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8. Registered dietician Janet Brill suggests adding red pomegranate seeds to pancakes for a perfect, healthy and passionate pomegranate. According to the National Cancer InstituteRecent studies have shown that pomegranate has beneficial effects on many health conditions, including cardiovascular disease and oral or dental health. Registered dietitian Rene ficek suggests that you can also add pomegranate or pomegranate juice to your Valentine's dinner and pomegranate glaze to your fish or chicken as a heart healthy holiday meal. " Each half cup of seed contains 70 calories, you can get a lot of calcium, magnesium and potassium, as well as vitamin C and up to 5 grams of dietary fiber. Samantha kasetti, a registered dietitian, suggests that at the end of Valentine's day, enjoy a post dinner cheese plate instead of an overindulgent dessert. Cheese is often touted as a heart attack because of its saturated fat, but Cassetti says research shows that when people eat so-called unhealthy fat in cheese, they are less at risk of heart disease than other sources, such as red meat. Cassetti recommends healthy cheeses such as dried apricots, walnuts and whole wheat crackers. To really take the theme of Valentine's day home, Rebekah Langford, a registered nutritionist, uses a heart-shaped cookie cutter to slice or slice cheese.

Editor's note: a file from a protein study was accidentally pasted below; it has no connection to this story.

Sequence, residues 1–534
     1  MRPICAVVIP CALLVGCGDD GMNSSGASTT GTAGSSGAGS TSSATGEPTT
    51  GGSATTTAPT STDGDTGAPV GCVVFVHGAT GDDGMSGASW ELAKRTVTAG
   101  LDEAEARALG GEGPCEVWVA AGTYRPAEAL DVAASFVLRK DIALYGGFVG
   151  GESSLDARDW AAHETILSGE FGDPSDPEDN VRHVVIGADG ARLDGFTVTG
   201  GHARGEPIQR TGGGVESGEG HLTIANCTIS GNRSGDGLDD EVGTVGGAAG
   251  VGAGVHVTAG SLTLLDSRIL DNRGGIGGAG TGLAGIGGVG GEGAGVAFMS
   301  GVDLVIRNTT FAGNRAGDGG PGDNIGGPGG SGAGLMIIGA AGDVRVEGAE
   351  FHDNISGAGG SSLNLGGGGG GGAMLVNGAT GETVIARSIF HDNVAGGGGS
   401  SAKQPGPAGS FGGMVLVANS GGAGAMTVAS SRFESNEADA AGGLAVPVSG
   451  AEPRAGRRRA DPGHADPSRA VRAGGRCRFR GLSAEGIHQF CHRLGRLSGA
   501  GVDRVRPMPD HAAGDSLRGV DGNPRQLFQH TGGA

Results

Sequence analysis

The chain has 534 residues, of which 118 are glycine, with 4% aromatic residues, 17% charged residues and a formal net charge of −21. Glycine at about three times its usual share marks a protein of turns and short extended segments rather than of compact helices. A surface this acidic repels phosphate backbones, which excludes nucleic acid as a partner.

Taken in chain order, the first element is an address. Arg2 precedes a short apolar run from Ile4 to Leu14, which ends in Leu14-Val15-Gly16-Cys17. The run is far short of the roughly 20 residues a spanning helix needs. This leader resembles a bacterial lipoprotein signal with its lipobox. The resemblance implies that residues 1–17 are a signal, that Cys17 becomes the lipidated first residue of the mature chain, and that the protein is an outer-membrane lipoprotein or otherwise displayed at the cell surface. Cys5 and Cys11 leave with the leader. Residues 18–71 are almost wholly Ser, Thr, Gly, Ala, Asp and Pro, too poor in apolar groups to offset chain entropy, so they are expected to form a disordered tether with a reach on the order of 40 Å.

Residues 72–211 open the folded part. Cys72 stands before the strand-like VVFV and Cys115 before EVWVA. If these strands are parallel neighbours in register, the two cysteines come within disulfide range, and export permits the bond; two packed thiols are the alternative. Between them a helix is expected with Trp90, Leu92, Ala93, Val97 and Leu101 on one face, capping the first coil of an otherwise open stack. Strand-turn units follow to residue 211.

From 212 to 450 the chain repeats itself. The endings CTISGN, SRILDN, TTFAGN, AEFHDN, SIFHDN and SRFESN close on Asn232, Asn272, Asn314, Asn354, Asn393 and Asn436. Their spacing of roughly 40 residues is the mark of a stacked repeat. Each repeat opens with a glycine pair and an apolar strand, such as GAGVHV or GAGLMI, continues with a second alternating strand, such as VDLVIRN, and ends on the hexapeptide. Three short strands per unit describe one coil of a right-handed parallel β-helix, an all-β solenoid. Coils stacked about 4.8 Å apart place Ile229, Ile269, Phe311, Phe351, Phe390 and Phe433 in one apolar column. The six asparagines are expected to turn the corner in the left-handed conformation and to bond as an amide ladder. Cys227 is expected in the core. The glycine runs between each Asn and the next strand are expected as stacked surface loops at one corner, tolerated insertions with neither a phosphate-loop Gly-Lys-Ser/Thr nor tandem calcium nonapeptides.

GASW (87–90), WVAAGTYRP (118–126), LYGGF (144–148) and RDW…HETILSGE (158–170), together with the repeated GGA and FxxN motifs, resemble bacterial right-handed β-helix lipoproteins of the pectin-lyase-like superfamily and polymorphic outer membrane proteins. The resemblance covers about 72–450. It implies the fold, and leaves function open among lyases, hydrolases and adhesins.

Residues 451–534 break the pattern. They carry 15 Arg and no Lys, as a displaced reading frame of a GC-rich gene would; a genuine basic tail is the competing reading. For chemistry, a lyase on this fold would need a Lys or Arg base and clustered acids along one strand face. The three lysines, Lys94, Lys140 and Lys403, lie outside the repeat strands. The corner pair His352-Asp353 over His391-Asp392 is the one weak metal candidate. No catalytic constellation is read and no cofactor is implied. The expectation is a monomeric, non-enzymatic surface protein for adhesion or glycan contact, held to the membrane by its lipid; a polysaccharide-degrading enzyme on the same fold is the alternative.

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simple romantic breakfast idea

Bed Breakfast is the perfect start to celebrate Valentine's day with special people. Rebekah Langford, a registered dietitian, suggests adding a romantic cookie slice to eggs and toast. First, cut a heart between a piece of wholemeal bread. Spray both sides of the bread with the oil you like, then put it in the pan over medium heat. Turn into golden brown. Put the cookie back where it was cut; cut the whole egg into heart shape and season with salt and pepper. Cook until the eggs are to your liking.